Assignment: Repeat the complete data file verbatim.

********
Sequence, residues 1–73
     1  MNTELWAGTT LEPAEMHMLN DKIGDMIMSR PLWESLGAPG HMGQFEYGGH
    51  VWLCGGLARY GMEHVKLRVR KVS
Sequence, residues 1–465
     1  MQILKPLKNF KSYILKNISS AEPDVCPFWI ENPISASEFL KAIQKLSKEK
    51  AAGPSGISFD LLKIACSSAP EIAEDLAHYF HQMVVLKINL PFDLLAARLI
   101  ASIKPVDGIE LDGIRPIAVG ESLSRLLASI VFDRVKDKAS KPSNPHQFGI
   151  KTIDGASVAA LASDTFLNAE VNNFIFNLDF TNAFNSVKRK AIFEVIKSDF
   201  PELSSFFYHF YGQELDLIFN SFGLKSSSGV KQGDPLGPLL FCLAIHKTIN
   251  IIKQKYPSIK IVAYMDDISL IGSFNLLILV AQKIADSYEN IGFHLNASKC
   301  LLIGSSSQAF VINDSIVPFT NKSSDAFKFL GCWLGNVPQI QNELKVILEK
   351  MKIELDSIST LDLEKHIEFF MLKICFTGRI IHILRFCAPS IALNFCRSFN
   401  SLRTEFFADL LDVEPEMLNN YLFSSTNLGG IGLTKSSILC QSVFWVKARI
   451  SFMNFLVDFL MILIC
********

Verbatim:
Sequence, residues 1–73
     1  MNTELWAGTT LEPAEMHMLN DKIGDMIMSR PLWESLGAPG HMGQFEYGGH
    51  VWLCGGLARY GMEHVKLRVR KVS
Sequence, residues 1–465
     1  MQILKPLKNF KSYILKNISS AEPDVCPFWI ENPISASEFL KAIQKLSKEK
    51  AAGPSGISFD LLKIACSSAP EIAEDLAHYF HQMVVLKINL PFDLLAARLI
   101  ASIKPVDGIE LDGIRPIAVG ESLSRLLASI VFDRVKDKAS KPSNPHQFGI
   151  KTIDGASVAA LASDTFLNAE VNNFIFNLDF TNAFNSVKRK AIFEVIKSDF
   201  PELSSFFYHF YGQELDLIFN SFGLKSSSGV KQGDPLGPLL FCLAIHKTIN
   251  IIKQKYPSIK IVAYMDDISL IGSFNLLILV AQKIADSYEN IGFHLNASKC
   301  LLIGSSSQAF VINDSIVPFT NKSSDAFKFL GCWLGNVPQI QNELKVILEK
   351  MKIELDSIST LDLEKHIEFF MLKICFTGRI IHILRFCAPS IALNFCRSFN
   401  SLRTEFFADL LDVEPEMLNN YLFSSTNLGG IGLTKSSILC QSVFWVKARI
   451  SFMNFLVDFL MILIC